Carina in print – October Scots Magazine
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I’m a sucker for shellfish. Mussels, lobsters, prawns, clams, scallops if they ever appear on a menu I’m in. Although oysters I’ll leave them for Victor, I’ve never been a fan.
I met Chinese-American chef Ken Hom once about 20 years ago. What an amazing man and one who played a massive part in bringing Chinese, and later Thai, cooking to our homes in the Scotland and all around the world.
It wasn’t until the 1950’s that Chinese restaurants opened in the UK. Then we could get the ingredients in Chines supermarkets and speciality stores and we could start enjoying cooking the food at home.
Unlike even a few years ago today we cater for vast numbers of International visitors with more and more coming from East Asia. Our restaurant Cannonball has an active role in the Edinburgh Tourism Action group’s “China Ready” group, welcoming our new Chinese visitors.
One think they all have in common is a love of Scottish shellfish too. We have an Oyster Happy Hour from 3pm – 6pm at Cannonball Restaurant Tuesday to Saturday, and we get loads of visitors leaving the Castle and heading in for a late afternoon pick me up.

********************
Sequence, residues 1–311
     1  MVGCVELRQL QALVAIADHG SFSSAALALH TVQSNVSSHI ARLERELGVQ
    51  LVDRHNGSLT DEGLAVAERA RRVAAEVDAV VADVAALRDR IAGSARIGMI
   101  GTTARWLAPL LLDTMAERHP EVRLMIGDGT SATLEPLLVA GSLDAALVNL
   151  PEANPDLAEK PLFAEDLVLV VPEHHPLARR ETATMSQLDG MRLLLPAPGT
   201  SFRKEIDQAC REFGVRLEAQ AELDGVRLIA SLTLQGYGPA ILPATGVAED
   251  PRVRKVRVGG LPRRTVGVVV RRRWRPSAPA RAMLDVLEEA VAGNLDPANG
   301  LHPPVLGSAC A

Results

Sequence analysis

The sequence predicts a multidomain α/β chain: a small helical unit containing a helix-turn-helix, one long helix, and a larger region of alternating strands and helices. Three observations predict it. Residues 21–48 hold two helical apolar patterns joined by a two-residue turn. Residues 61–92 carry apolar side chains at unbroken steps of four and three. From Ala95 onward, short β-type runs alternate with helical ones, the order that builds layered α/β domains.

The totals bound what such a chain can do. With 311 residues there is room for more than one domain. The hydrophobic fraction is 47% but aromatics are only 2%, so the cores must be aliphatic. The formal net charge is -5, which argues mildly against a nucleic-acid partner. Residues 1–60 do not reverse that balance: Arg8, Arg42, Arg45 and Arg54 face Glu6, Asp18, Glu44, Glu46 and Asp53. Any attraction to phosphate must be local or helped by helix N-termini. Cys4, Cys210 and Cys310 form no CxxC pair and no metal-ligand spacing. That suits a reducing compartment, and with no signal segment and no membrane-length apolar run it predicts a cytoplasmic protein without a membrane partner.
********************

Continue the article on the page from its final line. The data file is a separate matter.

Shellfish lovers also have the chance to get stuck into delicious Cumbrae and Isle of Mull oysters from the West coast of Scotland, as well as Lindisfarne oysters from the East coast.
All of Cannonball’s oysters are served fresh from the shell or can be served with Roman sauce, red wine vinegar and shallot dressing or lemon and hot chilli sauce. For something extra special, they can also be served Kilpatrick-style with Isle of Mull cheddar, Worcester sauce and crispy bacon.
We have another seafood connection at Cannonball. The restaurant is situated on the site of 16th century townhouse at the top of Edinburgh’s Royal Mile. Amazingly, the building’s foundations are packed with discarded oyster shells – fast food wrappers of days gone by.
Scallops with Asian Cucumber Relish
We cook this at Cannonball Restaurant and as a starter it’s light, fragrant and very refreshing. Scottish with a touch of the orient.
6 scallop meat, washed and dried
Extra virgin olive oil
1 cucumber, skin and seeds removed
For the sauce:
2 tablespoons light soy sauce
1 tablespoon fish sauce
3 tablespoons fresh lime juice
3 tablespoons water
2 tablespoon caster sugar
1 large red chilli very finely diced
½ small shallot very finely diced
Handful of fresh coriander leaves
1. In a small saucepan heat the soy sauce, lime juice, water and sugar until dissolved
2. Remove from the heat and allow to cool
3. Add the chilli, shallot and coriander
4. Very finely chop the cucumber and coat in the sauce
5. Set this aside in the fridge while you cook the scallops
6. In a shallow frying pan add a little butter and some extra virgin olive oil. Just enough to coat the pan
7. When it’s hot sear the scallops and turn them over when golden
8. Cook for another minute as you don’t want the meat to go tough. You can add a little extra butter and baste the scallops as you wish
9. Serve with this very refreshing cucumber relish